Kathy wrote: "We have done this for the past few years, but this year especially, we are honoring our Aunt Sandra and Uncle Pepper. As fundraisers, they sell luminarias (sacks filled with sand and a candle in it) and we fixed 3 each for Sandra and Pepper. We made copies of their pictures and have their names and a special message on each one. They line the walking path and will be lit at 9 tonight. So as you walk you can read the name of people who are being honored or survivers, who are also being honored. It's really an emotional thing and it is a fairly new thing of adding pictures. (I think it really makes it more personal)."

The luminarias are pictured below:

My Aunt Sandra was a lovely, vibrant lady who was taken from us suddenly just recently. She often commented in my blog, especially when I reminisced about my family. Aunt Sandra is deeply missed by all of us who loved her.

What a wonderful tribute! Again Kathy and Janis, thank you from the bottom of my heart.

Monday, June 05, 2006

I interviewed Michael Reagan

"He [Ronald Reagan] never looked at the mirror and said, 'Look at me, I am wonderful, I am great.' He always gave credit to other people. He always believed that he was put on this earth by God to do whatever God's will was. And when he became president, and accomplished the things he accomplished, he believed it was God's will, not his will, that was taking place. I think most of us need to start living what God would like us to do instead of always saying, 'Me, me, me...' but 'God, what what you like me to accomplish today?' And my dad would say that, each and every day of his presidency, 'What would you like me to accomplish today? Whatever it is, I want you to be there, God.' And you know, God blessed this nation because Ronald Reagan was president, and he blessed this nation because Ronald Reagan asked for God's help and guidance each and every day of his life." --Michael Reagan in my interview with him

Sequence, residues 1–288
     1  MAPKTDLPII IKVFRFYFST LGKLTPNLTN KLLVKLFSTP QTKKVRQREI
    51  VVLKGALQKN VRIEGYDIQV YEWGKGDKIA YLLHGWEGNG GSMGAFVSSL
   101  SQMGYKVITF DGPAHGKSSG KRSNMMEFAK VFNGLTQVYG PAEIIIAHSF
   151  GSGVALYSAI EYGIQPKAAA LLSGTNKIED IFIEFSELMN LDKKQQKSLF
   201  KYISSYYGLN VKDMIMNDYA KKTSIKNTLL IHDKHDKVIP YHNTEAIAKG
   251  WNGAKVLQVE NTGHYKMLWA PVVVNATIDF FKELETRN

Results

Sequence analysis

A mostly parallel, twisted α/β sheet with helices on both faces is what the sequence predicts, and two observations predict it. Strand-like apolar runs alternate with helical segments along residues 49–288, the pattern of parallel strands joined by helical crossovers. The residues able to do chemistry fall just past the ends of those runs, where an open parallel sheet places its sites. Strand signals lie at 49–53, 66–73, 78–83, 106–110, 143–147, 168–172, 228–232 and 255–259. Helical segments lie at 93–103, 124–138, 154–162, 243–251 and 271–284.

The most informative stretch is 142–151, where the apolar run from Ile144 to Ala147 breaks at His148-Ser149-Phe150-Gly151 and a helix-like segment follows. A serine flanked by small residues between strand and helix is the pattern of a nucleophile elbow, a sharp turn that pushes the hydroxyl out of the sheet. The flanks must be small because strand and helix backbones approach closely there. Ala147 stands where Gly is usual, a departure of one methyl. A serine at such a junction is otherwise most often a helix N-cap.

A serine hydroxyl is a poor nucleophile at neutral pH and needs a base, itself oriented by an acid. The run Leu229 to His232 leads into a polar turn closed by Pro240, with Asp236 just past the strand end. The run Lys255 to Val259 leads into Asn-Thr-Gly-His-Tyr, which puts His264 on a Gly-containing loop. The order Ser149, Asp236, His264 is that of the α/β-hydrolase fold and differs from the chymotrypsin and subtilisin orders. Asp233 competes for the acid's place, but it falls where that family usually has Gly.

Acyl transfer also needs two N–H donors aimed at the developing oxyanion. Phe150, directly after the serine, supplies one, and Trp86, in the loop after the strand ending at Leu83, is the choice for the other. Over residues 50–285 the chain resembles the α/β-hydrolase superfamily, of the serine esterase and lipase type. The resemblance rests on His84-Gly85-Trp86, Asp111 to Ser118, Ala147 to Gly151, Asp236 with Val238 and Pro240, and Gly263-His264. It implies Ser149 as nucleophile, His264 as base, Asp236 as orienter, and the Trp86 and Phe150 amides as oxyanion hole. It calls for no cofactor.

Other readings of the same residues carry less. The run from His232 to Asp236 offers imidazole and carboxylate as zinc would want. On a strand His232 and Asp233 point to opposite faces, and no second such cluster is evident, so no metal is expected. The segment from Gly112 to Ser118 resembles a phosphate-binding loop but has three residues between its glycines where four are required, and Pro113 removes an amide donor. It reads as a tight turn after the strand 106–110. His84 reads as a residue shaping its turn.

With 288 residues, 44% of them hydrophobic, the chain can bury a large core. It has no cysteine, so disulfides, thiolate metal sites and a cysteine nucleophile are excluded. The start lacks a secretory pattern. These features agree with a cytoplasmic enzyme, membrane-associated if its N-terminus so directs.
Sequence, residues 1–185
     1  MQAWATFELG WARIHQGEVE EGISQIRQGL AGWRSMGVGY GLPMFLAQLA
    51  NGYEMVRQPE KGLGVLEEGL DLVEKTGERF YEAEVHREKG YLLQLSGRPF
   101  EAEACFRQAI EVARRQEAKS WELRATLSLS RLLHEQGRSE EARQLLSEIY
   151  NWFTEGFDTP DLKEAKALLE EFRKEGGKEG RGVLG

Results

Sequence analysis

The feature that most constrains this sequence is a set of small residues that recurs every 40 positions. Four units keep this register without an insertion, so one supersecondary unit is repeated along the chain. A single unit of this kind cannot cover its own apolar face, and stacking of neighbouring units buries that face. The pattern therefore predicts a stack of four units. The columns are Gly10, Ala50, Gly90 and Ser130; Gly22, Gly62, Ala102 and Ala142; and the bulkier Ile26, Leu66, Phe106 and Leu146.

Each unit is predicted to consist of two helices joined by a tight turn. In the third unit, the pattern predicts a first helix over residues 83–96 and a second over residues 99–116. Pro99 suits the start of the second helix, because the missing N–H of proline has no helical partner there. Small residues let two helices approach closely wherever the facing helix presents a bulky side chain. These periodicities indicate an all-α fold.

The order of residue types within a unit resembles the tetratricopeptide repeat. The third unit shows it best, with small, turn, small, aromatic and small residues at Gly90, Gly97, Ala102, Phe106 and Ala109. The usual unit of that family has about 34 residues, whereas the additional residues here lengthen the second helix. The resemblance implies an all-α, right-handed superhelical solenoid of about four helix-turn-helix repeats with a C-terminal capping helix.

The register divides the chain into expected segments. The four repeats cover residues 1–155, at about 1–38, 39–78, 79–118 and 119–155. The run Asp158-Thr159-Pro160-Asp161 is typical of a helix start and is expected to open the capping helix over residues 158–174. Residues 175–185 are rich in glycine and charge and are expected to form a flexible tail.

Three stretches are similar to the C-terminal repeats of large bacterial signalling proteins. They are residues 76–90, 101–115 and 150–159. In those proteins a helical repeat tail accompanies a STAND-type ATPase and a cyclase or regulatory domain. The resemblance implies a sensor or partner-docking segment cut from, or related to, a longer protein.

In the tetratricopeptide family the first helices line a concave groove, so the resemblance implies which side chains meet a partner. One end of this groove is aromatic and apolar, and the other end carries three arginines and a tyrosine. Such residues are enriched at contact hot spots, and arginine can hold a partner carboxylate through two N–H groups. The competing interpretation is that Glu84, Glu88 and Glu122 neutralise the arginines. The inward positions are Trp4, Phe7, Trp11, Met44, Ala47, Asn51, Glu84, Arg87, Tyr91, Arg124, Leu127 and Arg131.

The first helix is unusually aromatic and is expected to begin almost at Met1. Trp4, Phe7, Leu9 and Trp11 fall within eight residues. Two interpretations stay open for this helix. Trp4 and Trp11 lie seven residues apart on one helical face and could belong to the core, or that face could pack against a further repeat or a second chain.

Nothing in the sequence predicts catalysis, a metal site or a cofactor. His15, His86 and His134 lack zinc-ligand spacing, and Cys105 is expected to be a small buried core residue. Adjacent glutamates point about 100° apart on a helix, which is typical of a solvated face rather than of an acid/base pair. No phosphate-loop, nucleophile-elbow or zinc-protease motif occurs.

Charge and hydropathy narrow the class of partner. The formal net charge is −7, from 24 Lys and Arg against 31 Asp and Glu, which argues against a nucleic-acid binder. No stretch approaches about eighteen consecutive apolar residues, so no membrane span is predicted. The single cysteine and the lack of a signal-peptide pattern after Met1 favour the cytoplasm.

Talk show host and author Michael Reagan, eldest son of the late president Ronald Reagan, is coming to Rockford June 14th to speak at the Rockford Rescue Mission's annual spring fundraising event. In advance of that, I interviewed Michael for my show, Weekend Rockford, today.

I found him pleasant, self-effacing, and knowledgeable. And his story touched my heart.

Michael was adopted by Ronald Reagan and movie star Jane Wyman. His parents divorced when he was a very small boy, and he says he grew up, not so much as Ronald Reagan's son, but as the son of Jane Wyman, who was a very well-respected and well-know actress in her day.

Michael told me that divorce is tough on a young child. He says it's like going into a child's room and breaking everything, then expecting the child to put it all back together.

He does have fond memories of time spent with his dad while he was growing up.

Childhood trauma

However, something happened to him at the age of 8 that forever changed and influenced his life. He was sexually molested by a day camp counselor. Pornographic pictures were taken of him, with threats to make them public.